I write “agent,” but of course the correct word might be source, if the information came from some technically sophisticated means of monitoring the deliberations of the Politburo. This is typical of the way knowledge of an important spy (or source) slowly surfaces in the public record. Journalists do not uncover spies, but only tease out, or, more often, gratefully receive, information already gathered or surmised by intelligence services. One or two vague reports suggest where something important is still to be found; later writers go back to the subject, slowly dredging up the details which guide their successors, until at some point the official keepers of secrets let the story go. Many important intelligence stories have nothing to do with spies, of course, but the most sensational revelations of the cold war have almost all been spy stories, and recent books on intelligence have tended to focus on espionage cases. Veterans of the intelligence business claim there is no substitute for human sources; the expense of recruiting agents may be immense, but an hour with a well-placed spy can be worth a year of slogging through public records, overhead reconnaissance photographs, and other technical data gathered by the bale.

The Soviet intelligence services—principally the Komitet Gosudarstvennoi Bezopasnosti (Committee for State Security), or KGB, and the Glavnoe Razvedyvatel’noe Upravlenie (Chief Intelligence Directorate of the Soviet military) or GRU3—had a reputation for almost occult skill in recruiting human agents. They certainly recruited a lot of them—some so sensitively placed they have set off major political crises in Britain, Germany, France, and the United States. Tom Bower’s recent book on clandestine British operations in the Baltic in the late 1940s, The Red Web, adds some significant detail to one major early spy episode, including a passing reference to the Finnish intelligence chief Reino Hallamaa, whose name I do not recall seeing in print before. In 1944 Hallamaa delivered 1,500 pages of material, including an almost complete Soviet codebook, to the OSS station in Stockholm. This material soon reached the head of the OSS, William Donovan, in Washington, but US policy at the time was to treat the Soviets as trustworthy allies. Donovan was ordered to hand the material over to the Soviets and he did—but not before retaining a secret copy.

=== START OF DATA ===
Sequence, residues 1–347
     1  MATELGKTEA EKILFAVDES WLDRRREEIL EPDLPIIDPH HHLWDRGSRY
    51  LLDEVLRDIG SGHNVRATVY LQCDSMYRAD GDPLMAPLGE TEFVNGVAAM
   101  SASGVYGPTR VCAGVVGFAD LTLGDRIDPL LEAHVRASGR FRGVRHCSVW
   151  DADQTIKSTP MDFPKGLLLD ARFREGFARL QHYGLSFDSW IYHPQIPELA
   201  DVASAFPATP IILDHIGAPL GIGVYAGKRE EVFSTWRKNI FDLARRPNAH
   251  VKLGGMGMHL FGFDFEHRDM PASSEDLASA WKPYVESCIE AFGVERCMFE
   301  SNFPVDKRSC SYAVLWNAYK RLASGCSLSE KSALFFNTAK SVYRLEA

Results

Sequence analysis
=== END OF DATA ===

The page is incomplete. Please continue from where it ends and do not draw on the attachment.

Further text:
This is a typical backdoor entry to an intelligence story—highly particular, a little hard to follow, harder to see the point. Bower’s reference to the codebook, as is often the case with disclosures of intelligence secrets, is incidental to his main story. The central subject of The Red Web is the provocative British operation to start a partisan war against the Soviets in the Baltic republics that were forcibly annexed by Stalin at the beginning of the Second World War. There was no shortage of Latvians, Estonians, and Lithuanians eager to die in this hopeless endeavor. The British never expected them to win, but, like the Americans during the tense years between the Berlin blockade in 1948 and battlefield stalemate in Korea in 1951–1952, they feared a big European war with the Russians might soon take place and wanted allies behind the lines when it began. The Americans ran a similar operation in Ukraine, just as hopeless, but one that still awaits a historian.

Bower tells a sad story of misplaced heroism on the part of the Baltic resisters, who were cold-bloodedly discarded by the British. Many agents were simply informed by radio that the game was over and they were on their own. The intelligence officers who ran it were old anti-Soviet hands from the 1920s and 1930s, like Harry Carr, born in Russia in 1899, the son of a British expatriate who managed a timber mill. Carr’s world and his family’s wealth were whisked away by the Revolution while he was at school in Britain. In 1925 Carr was working for the SIS in Riga, the world capital of espionage directed against the Bolshevik regime, when the Soviets were able to capture two of their bitterest enemies, Boris Savinkov and Sidney Reilly, with a brilliantly executed deception operation known ever since as “The Trust.” Even fifty years later CIA counterintelligence experts would cite “The Trust” in a solemn whisper as proof of the Soviet capacity for deep schemes to trick the West.